Jen Easterly

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People waiting to vote in Phoenix, Arizona, November 2022. Brian Snyder / Reuters

Generative artificial intelligence—AI that can create new text, images, and other media out of existing data—is one of the most disruptive technologies in centuries. With this technology now more available and powerful than ever, its malicious use is poised to test the security of the United States’ electoral process by giving nefarious actors intent on undermining American democracy—including China, Iran, and Russia—the ability to supercharge their tactics. Specifically, generative AI will amplify cybersecurity risks and make it easier, faster, and cheaper to flood the country with fake content.

Although the technology won’t introduce fundamentally new risks in the 2024 election—bad actors have used cyberthreats and disinformation for years to try to undermine the American electoral process—it will intensify existing risks.…  Seguir leyendo »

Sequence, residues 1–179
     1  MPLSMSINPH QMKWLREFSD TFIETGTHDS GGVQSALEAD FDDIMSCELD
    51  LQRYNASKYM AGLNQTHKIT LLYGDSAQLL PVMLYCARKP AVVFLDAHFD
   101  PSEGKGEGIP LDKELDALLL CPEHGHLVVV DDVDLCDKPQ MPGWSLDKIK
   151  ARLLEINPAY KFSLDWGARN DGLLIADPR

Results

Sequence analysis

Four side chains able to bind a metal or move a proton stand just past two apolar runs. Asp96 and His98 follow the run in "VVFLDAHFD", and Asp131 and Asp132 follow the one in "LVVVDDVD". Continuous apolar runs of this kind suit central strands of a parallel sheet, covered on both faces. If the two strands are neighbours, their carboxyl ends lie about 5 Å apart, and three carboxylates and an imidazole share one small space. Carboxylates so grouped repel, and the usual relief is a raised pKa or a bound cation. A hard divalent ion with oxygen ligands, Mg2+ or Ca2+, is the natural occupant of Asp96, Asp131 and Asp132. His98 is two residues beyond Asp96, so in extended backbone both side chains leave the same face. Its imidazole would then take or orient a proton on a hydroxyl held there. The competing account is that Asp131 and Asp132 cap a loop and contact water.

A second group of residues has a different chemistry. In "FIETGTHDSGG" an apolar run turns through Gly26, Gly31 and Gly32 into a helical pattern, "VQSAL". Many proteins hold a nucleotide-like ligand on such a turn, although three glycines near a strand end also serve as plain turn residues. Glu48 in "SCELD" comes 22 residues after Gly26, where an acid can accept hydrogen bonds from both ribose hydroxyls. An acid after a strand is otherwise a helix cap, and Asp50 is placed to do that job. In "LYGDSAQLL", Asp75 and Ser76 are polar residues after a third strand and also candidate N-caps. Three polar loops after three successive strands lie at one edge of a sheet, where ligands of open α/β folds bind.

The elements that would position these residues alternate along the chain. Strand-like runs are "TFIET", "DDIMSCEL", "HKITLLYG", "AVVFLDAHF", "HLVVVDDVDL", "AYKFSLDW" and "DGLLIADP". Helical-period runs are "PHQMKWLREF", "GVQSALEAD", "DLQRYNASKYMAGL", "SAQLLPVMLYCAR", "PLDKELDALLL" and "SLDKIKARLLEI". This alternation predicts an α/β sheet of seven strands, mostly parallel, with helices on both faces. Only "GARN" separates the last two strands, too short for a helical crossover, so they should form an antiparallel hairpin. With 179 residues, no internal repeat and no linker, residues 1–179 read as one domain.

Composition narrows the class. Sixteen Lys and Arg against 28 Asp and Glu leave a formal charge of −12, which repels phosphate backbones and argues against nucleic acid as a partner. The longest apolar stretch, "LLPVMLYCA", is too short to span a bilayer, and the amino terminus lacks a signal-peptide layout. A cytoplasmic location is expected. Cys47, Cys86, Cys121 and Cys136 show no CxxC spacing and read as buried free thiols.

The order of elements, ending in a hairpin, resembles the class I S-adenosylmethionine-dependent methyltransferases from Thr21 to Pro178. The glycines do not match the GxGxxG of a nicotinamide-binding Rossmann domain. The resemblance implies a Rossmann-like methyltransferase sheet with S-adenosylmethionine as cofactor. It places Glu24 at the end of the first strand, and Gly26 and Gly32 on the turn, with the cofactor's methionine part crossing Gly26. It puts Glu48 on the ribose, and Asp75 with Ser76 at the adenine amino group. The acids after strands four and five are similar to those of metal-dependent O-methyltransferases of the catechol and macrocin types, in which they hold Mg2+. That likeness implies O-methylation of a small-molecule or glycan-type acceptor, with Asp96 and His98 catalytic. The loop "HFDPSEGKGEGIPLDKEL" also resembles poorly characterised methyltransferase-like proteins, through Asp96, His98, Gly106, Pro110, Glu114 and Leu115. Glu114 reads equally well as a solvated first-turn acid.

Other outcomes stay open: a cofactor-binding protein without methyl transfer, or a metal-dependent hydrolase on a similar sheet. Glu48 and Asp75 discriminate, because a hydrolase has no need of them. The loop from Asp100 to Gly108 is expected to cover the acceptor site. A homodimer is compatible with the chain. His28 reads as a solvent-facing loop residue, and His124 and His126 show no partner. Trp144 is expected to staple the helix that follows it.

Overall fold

A man holding a laptop computer in Warsaw, June 2013. Kacper Pempel / Reuters

Despite a global multibillion-dollar cybersecurity industry, the threat from malicious cyber-activity, from both criminal and state actors, continues to grow. While many cyber incidents are never reported by their victims, Verizon’s 2022 Data Breach Investigations Report noted that ransomware attacks rose 13 percent that year—more than the past five years combined. These breaches included attacks that threatened public health and safety, with several hospitals across the United States forced to cancel surgeries and divert patients because they were locked out of their systems.

Over the past decade, adversaries of the United States have developed increasingly sophisticated offensive cyber-capabilities. As cybersecurity expert Dmitri Alperovitch has argued, “We don’t have a cyber problem.…  Seguir leyendo »